Bellevue, WA—For most rheumatology managers, payer contracts represent the bottom line of their practices’ earnings; putting these contracts in order is thus a necessity for the financial health of the organization. At the 2015 annual meeting of the National Organization of Rheumatology Managers (NORM), Penny Noyes, President, CEO, and Founder of Health Business Navigators, offered strategic advice for dealing with this painstaking process.

1. Gather your current contracts and rates

“Gathering all your current contracts and rates is actually much harder than one would think,” said Ms Noyes. “If these contracts can’t be located, don’t be embarrassed…you can always blame an assistant that you had years back!”

In the event that these contracts are missing, the next step is to contact one’s reps in writing and request copies of agreements and addenda.

Then, it’s on to the rates. Although there may be many sources, however, locating one’s current rates is often easier said than done.

“Contract exhibits are often vague and refer to undefined standard market schedules,” Ms Noyes explained. “Not to mention, rates change over the years under perpetual agreements with ‘evergreen’ clauses.” Amendment provisions frequently allow the payer or network to modify the rates without the written consent of the provider. Sometimes notice is required, she said, but often silence equals acceptance of these changes.

Once contracts are collected and rates confirmed, Ms Noyes proposed the following approach:

  • Create a spreadsheet with “Code,” “Modifier,” and “Place of Service (POS)” for each product health maintenance organization (HMO, PPO).
  • Send the spreadsheet to your rep to populate the dollar amount of your current reimbursement by product.
  • Create a side-by-side lineup of all your payers’ and Medicare rates. “It’s best to include ‘charges,’ ‘max allowable,’ and ‘utilization,’ too,” she added.

2. Determine which contracts to tackle first

“Use your ‘inventory notice dates’ and ‘reimbursement rates’ to determine what to tackle and when,” she advised, highlighting the following questions:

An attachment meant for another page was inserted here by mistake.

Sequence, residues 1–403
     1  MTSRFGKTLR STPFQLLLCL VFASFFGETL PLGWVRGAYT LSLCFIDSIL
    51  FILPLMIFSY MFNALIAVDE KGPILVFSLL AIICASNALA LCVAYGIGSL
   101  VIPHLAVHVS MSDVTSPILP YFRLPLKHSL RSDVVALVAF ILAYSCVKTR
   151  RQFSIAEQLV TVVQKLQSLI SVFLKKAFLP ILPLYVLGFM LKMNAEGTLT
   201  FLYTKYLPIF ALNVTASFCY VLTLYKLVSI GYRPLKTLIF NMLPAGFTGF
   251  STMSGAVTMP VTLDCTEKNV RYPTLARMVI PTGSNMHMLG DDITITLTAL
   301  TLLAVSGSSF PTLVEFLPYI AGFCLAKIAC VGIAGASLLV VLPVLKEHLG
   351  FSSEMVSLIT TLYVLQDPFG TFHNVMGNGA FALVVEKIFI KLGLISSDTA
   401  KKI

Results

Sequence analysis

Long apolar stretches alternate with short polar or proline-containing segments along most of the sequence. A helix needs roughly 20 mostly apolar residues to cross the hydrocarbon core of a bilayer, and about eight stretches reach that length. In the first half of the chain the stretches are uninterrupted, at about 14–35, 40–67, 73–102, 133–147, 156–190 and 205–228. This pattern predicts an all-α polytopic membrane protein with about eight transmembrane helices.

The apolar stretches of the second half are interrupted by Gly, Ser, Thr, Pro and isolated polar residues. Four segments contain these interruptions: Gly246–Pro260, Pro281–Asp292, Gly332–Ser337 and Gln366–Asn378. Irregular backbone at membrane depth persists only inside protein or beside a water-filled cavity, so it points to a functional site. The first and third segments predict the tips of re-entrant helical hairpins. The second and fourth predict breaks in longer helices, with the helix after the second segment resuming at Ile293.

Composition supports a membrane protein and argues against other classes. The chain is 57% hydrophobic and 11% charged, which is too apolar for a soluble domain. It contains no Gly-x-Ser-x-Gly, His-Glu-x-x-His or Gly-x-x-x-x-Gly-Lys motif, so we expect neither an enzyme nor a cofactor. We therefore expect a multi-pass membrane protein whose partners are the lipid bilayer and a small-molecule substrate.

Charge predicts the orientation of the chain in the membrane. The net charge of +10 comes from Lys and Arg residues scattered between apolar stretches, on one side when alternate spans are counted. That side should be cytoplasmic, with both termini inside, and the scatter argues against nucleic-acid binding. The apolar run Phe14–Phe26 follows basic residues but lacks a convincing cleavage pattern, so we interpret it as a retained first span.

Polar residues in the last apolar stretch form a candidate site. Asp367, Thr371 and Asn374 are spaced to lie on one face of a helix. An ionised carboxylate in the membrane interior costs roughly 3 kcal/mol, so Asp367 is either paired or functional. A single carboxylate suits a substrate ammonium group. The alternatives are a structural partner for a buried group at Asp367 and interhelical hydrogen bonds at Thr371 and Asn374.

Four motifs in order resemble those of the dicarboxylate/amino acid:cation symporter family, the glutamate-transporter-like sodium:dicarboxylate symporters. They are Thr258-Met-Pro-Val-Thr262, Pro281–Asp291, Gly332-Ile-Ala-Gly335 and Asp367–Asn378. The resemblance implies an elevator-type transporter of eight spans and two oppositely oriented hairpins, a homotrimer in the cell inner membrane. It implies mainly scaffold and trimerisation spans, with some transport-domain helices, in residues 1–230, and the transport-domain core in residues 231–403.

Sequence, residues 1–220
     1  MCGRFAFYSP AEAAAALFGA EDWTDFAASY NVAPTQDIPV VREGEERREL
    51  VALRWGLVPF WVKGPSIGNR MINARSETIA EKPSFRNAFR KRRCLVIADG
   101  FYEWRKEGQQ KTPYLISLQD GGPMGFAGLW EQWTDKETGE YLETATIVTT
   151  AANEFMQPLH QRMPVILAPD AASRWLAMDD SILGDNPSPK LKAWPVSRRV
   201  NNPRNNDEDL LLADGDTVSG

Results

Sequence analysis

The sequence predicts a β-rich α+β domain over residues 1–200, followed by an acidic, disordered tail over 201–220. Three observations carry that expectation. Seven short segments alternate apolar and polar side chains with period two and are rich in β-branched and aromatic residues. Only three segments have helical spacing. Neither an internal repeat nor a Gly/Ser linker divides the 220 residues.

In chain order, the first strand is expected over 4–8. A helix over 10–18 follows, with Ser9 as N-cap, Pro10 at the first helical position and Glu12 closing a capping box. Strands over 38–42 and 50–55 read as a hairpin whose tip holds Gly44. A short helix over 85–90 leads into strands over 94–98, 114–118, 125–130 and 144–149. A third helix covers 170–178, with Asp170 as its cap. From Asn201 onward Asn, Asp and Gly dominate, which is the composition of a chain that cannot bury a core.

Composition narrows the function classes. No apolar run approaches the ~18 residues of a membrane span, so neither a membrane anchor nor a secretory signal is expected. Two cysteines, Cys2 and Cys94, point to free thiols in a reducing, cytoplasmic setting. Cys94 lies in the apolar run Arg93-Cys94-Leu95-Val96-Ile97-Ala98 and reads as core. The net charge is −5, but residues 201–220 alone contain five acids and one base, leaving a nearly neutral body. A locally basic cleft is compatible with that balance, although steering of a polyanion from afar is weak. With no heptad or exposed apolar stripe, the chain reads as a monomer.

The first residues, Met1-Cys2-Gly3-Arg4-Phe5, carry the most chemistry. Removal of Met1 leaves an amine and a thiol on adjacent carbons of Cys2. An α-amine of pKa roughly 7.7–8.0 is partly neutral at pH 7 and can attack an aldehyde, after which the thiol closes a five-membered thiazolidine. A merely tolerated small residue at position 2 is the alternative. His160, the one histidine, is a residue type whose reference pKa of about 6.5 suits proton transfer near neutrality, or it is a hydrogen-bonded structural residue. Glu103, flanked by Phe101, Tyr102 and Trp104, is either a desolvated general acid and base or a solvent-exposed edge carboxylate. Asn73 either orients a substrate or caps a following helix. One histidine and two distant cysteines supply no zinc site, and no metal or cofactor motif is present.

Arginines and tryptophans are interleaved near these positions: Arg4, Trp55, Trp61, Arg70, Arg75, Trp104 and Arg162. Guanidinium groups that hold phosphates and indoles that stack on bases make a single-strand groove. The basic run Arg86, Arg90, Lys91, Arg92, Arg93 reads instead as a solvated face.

• What payer rates need most attention?
  • What date can you notify the payer or network?
  • Does the contract allow off-anniversary notice?

At this stage, Ms Noyes recommended that managers resist the temptation to negotiate too many contracts simultaneously, which can get “overwhelming.”

3. Create a timeline for each negotiation

Once notices are sent to initial payers, Ms Noyes suggested that managers create a timeline (see Timeline) so that they know when to “go to the table” for renegotiations.

“If the majority of rates are acceptable but a few are not, try carve-outs,” she said. “You are aiming for the best overall result and may have to give on a few codes to gain much more on others.”

4. Send notice to renegotiate

At this point, said Ms Noyes, managers should expect resistance from payers, but it’s important to be persistent.

“You should view the payer’s reluctance as an unacceptable roadblock,” she said, advising managers to prepare a list of qualities that set their practice apart.

Finally, once rates are renegotiated, it’s important for managers to scrutinize the fine print.

“There are many provisions that favor the payers,” she said. “Read the agreement, mark it up with your requests, and require a response.”

Although this can be a discouraging process, Ms Noyes urged the audience not to lose sight of the ultimate goal along the way, which is getting paid.

“For the most part,” she concluded, “usually a good negotiation ends in mutual respect…and hopefully, an increase to your bottom line.”

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